Step 2 cont’d: start reading on lingq
Again, this step is called conversation, and we use two skills to converse – speaking and listening. As I said here
, I now find it useful to consider all skills to be in support of listening, because it’s the hardest (most time consuming) skill to develop. So anything I can do to make it go more smoothly and efficiently is appreciated. Other than pure listening, if I could do just one thing to improve it, I would read. I think reading is the single biggest facilitator of listening, so I want to do a lot of it. It’s not the only facilitator, and I’m not advocating a pure listening/reading method, but right now I’m going to talk a little bit about reading.
I actually don’t care to be a really good reader. I have no interest in reading Korean novels, newspapers, etc. I do want to be able to read signs, menus, texts from friends, news tickers and subtitles, for example, so I need to have some reading skill, just not very advanced. I admit that in the past I haven’t read much in foreign languages; it just didn’t interest me, even though I’m a pretty big reader in English. In fact, the biggest, most consistent effort I made was in Russian, where I wound up getting to the 20k level in lingq over the course of about 2 years. For me, that was a big deal, but for people who mostly do listening/reading to learn languages, like Steve Kaufmann, 20k isn’t impressive for even one year. Incidentally, although Steve Kaufmann takes a relatively long time to learn a new language, he only spends about an hour a day doing it, and after 5 years or so he claims to understand just about everything he hears. Now this is pretty impressive, regardless of age, when you consider the number of hours he spends. 1500 hours to develop advanced listening is really good, and imo one of the main reasons he can pull it off is that he reads a lot, and most of what he reads he also listens too. He has said that he listens to a lot of additional stuff that he doesn’t have text for, but I think if he didn’t do so much reading, his results would pale in comparison.
So bottom line, I’m going to read more this time. I want to get to 20k before the end of the year. Kaufmann is also learning Korean right now, and last time I checked he was at 47k. He said he felt he had quite a ways to go to get to the point where he understood just about everything. This is in contrast to other languages, where he said he felt the magic number was around 40k. So I was postulating with some other members that for Korean it might be 60k. Either way, I think for me, hitting 20k this year is enough. When I come back after this year, and I want to go on another long spurt, I’ll probably try to come closer to whatever number Kaufmann says put him over the top.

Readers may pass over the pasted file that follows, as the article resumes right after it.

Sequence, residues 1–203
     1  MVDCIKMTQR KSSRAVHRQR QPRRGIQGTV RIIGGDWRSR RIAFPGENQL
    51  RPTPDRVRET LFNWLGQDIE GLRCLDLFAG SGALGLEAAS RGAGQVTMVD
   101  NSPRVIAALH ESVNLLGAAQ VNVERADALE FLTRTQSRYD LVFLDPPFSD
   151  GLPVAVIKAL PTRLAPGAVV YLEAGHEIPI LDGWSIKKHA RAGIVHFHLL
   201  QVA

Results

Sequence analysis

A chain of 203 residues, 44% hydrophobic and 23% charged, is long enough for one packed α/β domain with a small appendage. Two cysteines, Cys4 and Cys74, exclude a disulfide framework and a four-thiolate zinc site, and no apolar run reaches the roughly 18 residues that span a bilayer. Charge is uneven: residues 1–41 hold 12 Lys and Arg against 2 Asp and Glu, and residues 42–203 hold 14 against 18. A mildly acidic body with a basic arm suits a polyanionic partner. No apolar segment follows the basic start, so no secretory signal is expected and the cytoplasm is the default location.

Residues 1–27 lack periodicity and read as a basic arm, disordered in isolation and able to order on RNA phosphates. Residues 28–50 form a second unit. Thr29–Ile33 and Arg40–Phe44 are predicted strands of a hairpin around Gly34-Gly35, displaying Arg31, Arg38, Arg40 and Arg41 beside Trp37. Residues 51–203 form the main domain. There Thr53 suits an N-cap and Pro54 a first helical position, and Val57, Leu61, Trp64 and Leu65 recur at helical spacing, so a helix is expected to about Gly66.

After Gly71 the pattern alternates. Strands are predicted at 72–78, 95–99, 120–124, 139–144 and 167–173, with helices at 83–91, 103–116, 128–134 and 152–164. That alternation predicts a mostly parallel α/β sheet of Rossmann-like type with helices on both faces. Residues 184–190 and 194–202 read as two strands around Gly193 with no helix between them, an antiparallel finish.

Now I want to describe to you exactly what I do on lingq. First, lingq is a site that has a tool which is basically a mouse-over dictionary. Fly over a Korean word you don’t know, and it will give you a definition. This tool has more bells and whistles than most mouse-over dictionaries; it keeps track of the words that you know already, and uses this information for the next time you try to read something. It shades known words differently than others, which I find helpful. The site also has a big library of articles you can read, which can save you from spending a lot of time searching. The site more convenient for me than most, because I use it to read 6 different languages, so I’m going to keep using it for the time being.
Right now my reading is pretty weak, so I read fairly easy articles. I did a few dozen beginner lessons that I got from the library before I got sick of the beginner material available. I’d open a lesson, read it, select(create lingqs for) the words I don’t know so they won’t be counted towards my “known word” count, then tell the program to count all the new known words for that lesson. It typically took about 10 lessons to get 100 known words, my daily goal, added to my total, since the lessons were small.
As I said, I got sick of the beginner material, so now I’m loading lessons from koreanpod101 into lingq. That huge download I made probably contains at least a month’s worth of beginner and intermediate material. After that, I hope to finally get to the wonderful intermediate podcasts from TTMIK. There are about 150 of them, and they are about 10min each, so that will definitely last me several months. Although that might be enough material to reach my goal, I’m looking for other good sources of native material, which has text and audio, to give me some variety. Your suggestions are appreciated